Today marks the start of the 2013 WordCount Blogathon. It’s an annual challenge to writers and bloggers to post every day for 30 days. The event ends on June 30 with a twitter wrap-up party and raffle prizes for those who manage to post to their blog despite unexpected work obligations, family responsibilities, or acts of nature.
This is my first year to participate, which I’m doing here on my newly created Travel Browsing blog. And I’ve been excited for the official start date, armed with a calendar full of pre-planned topics to write about. And then the night before the event changed my focus for this first official Blogathon post. Yep, one of those “acts of nature” made me forget everything for a while except the safety of my family.
It started when I turned on the TV after going to bed last night to check in on whether I’d be sleeping to the sounds of thunder again (which has been an almost constant this week.) What I saw caused me to call and wake up my parents at 12:30. There was a tornado warning issued for their town of Sallisaw, Oklahoma (just 35 minutes from my town in Arkansas) and a giant “super cell” storm, with a prediction of winds of 50-60 miles, aimed right at them.
With images still in our minds of the horrible tornado damage done earlier in the day in Oklahoma City (and last week in Moore, OK), my Mom and I talked by smartphone as they grabbed supplies and headed into their safe area. Their internet wasn’t working and their satellite TV had been knocked out and they don’t have a weather radio (yep, I’ll be making sure they remedy that soon!). So I relayed information to them while watching my local news.
A huge relief came when the weather man announced that “rotation has lessened” for the area. But that was short-lived as the new report showed that the storm was now heading towards me, along the I-40 corridor. So I gathered up important papers, bottled water, blankets and pillows, and the dog and his bed and put everything into my hopefully safe area – the laundry room.
Still, I wasn’t too worried at first. I was born in Kansas and have a lot of relatives all over the Midwest region. That means I’ve been through a lot of tornado watches, warnings, spottings, etc. And I’ve seen that these storms can turn on a dime, usually on a northeast pattern. I live directly east of my folks, so figured this one would go just north of me. Nope.
It’s a bit surreal to see a local weather forecaster show a map on TV with a giant red circle, signaling a super storm, directly over the words of your town. “If you’re in Van Buren, you need to take cover RIGHT NOW,” said Channel 5′s Garrett Lewis in a calm but stern voice. And then the city sirens went off.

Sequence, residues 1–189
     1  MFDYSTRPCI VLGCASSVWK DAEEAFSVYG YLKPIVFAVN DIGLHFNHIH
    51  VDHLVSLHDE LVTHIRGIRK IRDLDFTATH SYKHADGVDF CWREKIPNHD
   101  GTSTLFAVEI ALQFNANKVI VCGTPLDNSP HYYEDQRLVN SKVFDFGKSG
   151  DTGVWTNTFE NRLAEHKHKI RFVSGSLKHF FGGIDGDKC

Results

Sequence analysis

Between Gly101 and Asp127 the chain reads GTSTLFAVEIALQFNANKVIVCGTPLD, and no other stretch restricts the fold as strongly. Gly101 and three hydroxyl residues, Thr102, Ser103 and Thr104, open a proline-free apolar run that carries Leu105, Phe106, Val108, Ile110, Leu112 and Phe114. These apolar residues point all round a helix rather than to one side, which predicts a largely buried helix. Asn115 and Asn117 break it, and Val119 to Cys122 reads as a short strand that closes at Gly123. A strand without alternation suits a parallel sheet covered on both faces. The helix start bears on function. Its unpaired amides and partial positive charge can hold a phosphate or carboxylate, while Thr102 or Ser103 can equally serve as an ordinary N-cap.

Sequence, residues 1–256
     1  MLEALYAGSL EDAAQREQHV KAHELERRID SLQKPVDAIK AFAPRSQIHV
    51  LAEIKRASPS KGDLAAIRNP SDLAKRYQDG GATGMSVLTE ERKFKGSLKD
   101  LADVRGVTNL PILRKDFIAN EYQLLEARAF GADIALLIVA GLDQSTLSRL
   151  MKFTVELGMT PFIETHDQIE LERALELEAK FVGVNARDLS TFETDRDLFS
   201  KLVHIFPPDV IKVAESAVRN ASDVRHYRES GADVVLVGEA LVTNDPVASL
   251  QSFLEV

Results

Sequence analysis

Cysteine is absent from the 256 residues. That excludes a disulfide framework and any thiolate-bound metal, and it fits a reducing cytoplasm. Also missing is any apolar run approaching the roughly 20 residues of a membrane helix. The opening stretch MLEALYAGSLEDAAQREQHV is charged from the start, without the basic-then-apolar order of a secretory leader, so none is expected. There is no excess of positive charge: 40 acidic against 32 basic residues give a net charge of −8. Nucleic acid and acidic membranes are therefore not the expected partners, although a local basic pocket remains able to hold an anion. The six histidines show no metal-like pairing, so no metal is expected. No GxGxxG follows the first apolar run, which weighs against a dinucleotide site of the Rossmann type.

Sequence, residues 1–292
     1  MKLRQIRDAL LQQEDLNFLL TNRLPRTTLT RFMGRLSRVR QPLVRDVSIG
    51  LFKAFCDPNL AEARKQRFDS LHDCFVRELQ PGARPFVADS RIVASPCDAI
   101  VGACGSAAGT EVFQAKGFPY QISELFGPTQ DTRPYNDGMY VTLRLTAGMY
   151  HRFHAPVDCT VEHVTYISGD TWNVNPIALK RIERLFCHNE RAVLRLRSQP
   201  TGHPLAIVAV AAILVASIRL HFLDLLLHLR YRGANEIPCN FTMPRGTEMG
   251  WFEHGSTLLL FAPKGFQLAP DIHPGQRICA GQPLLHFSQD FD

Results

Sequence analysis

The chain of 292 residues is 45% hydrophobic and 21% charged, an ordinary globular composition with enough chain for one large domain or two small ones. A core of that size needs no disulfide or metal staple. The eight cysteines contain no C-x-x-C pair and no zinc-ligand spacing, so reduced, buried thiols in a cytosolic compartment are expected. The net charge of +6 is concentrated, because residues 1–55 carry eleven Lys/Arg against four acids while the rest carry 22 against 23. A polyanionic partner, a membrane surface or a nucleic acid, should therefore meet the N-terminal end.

From a local viewer via twitter: “Garrett Lewis rolled his sleeves up, which means it’s gonna be a long night…”
I grabbed my laptop and headed to the laundry room, turning on the News’ live streaming so I could hear Lewis’ play-by-play of the storm. The sound of the storm going overhead was very scary — loud, angry rain; thunder that sounded as if on the top of the roof; and wind that almost sounded like a closely passing train. Even worse, there were various twitter reports of tornadoes touching down around the area. Fortunately, those were either false or “weak rotations.”
It actually passed by pretty quickly and although the winds were fierce, there was no damage done. But the night’s activities weren’t quite over yet. A line of 3-4 more thunderstorms, one right after another, were now on the map and it was reported that “tornadoes could form rapidly from within this line.”
Long story short — we chose to sleep on the floor of the laundry room with the News still live streaming on the laptop while storms raged on. I woke up periodically from the storm noise and hard tile floor. But it was a relief each time to hear the continuing reports from Lewis, who broadcast all night.
Although several storms are still going on all over the region this morning, they’re the more typically summer-time show-offs – small but irritatingly noisy. And with all of the heavy rain (Sallisaw had 4″ overnight) there are flood warnings for several roads.
Still, I ran out for a quick walk around the house and everything looks fine, as does a fast look over the neighborhood. And I heard from my parents that they are fine, as are other relatives in the area. So I’m counting my blessings. And crossing my fingers that the forecast for sunnier skies this afternoon comes true!